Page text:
The Religious Freedom Page

Larson v. Valente

456 U.S. 228 (1982)

Facts of the Case:

A Minnesota law required charitable groups to register with the state's Department of Commerce. They were then required to submit annual reports of receipts and expenditures to be monitored by the DoC. If more than thirty percent of their annual funds were spent on administrative costs, its would no longer be permitted to solicit contributions in the state. Religious groups who solicited more than fifty percent of its contributions from members or affiliated organizations were exempt from registering. Several members of the Unification Church claimed that this violated the Establishment Clause.


The Court ruled 5-4 that the Minnesota law was unconstitutional because it placed a burden on certain religions and was not closely enough related to furthering a specific governmental interest.

Majority Opinion: (Justice Brennan)

The religious exemption favors certain religions in a manner prohibited by earlier Court decisions. Therefore, the state must prove that it has a compelling interest that is being met in passing the legislation. Their stated interest is to protect citizens from abusive practices by fund-raising organizations. This is an appropriately secular purpose. They claim that the fifty percent requirement will protect contributors because members who contribute oversee the expenditure of their donations. The Court rejects this claim because even if the members can supervise the use of money, they do not necessarily have any control over the money. Minnesota's other claim, that the need for disclosure decreases as the percentage of outside contribution decreases, is also rejected because the importance of oversight should be related to absolute figures. The law violates the Lemon test because it favors certain religions but not others. It imposes a selective burden on certain religious groups.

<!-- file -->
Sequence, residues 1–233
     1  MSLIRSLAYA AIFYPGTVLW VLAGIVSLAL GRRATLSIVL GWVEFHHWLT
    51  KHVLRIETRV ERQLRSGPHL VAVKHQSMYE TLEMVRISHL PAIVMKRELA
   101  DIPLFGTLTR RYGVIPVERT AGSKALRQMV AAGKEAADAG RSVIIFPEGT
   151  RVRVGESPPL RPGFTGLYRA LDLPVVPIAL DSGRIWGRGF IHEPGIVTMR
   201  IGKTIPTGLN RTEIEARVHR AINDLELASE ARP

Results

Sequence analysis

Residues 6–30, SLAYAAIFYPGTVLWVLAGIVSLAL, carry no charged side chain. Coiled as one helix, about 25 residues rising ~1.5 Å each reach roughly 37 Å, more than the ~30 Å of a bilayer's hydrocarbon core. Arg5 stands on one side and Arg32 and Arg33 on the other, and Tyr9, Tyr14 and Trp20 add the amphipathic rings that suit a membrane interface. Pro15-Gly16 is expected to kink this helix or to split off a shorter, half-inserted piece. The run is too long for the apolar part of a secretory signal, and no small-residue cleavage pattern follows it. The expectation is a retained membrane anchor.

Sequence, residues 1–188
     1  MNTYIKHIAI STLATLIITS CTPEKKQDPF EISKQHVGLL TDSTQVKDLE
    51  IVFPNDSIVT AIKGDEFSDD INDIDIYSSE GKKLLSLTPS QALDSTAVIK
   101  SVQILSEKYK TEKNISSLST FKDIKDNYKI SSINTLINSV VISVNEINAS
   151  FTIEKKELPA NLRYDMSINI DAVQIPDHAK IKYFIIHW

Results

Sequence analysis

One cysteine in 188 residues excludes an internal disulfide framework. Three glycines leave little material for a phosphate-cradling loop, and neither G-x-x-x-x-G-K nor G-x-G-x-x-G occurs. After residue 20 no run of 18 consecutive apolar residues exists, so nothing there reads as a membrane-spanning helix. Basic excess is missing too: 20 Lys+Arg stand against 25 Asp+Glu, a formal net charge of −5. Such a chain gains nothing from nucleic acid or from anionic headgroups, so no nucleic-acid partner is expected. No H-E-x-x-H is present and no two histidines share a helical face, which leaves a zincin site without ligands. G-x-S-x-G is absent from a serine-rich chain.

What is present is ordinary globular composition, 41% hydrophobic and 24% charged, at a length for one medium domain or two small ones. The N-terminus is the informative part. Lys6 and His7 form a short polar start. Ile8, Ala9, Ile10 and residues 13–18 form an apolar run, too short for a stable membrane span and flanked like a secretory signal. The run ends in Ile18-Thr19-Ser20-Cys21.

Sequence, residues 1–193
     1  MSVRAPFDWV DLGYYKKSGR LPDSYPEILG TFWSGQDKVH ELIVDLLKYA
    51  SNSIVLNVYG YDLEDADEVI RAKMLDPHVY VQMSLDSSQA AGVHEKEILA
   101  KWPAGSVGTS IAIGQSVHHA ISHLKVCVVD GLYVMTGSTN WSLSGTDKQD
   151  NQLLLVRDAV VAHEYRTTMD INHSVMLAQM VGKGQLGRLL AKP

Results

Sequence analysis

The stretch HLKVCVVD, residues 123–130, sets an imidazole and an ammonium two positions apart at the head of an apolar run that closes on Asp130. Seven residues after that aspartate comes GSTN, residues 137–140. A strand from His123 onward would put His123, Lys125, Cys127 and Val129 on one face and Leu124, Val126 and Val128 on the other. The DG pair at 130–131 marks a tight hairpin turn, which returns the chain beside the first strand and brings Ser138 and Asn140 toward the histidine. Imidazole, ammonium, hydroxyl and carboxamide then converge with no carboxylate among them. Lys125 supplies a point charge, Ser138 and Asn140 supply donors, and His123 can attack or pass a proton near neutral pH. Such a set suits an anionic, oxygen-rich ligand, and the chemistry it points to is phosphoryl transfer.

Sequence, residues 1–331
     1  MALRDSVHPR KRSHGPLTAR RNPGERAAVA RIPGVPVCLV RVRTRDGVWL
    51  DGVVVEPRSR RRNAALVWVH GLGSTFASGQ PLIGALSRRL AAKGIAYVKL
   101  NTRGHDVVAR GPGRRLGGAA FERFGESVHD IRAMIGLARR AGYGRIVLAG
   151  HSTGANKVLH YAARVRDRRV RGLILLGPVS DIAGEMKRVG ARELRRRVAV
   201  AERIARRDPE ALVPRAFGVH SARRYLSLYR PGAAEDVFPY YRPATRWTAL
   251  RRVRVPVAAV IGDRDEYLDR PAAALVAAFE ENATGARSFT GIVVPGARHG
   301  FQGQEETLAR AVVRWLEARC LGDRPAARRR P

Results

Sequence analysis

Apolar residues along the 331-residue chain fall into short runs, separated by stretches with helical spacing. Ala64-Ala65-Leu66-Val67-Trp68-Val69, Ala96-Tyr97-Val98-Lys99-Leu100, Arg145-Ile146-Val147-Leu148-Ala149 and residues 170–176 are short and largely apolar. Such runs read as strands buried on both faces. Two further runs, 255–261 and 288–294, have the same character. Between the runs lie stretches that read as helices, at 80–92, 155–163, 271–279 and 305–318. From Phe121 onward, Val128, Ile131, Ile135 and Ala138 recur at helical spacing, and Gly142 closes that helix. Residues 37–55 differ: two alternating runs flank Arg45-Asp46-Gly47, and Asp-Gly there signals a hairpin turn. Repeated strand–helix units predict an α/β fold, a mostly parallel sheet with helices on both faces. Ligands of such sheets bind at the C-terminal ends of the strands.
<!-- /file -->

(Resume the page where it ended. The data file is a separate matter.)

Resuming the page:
Dissenting Opinion: (Justice Rehnquist:)

The Supreme Court is not to give advisory opinions at all, or to decide constitutional issues unless clearly needed. In this case the alleged injury caused stems from the group having to register because of its status as a charitable organization and not from the 50% exception rule for religious groups. Therefore, the Court should not decide the constitutionality of the statute because it is not the cause of the issue at hand and doing so would be to administer an advisory ruling.


This decision prevents states from passing laws that might favor certain types of religions (in this case, those who receive a majority of their contributions from members). The state would have to exempt all religions from registering with the Department of Commerce in order to not violate the Lemon test.

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Last modified: 02/16/01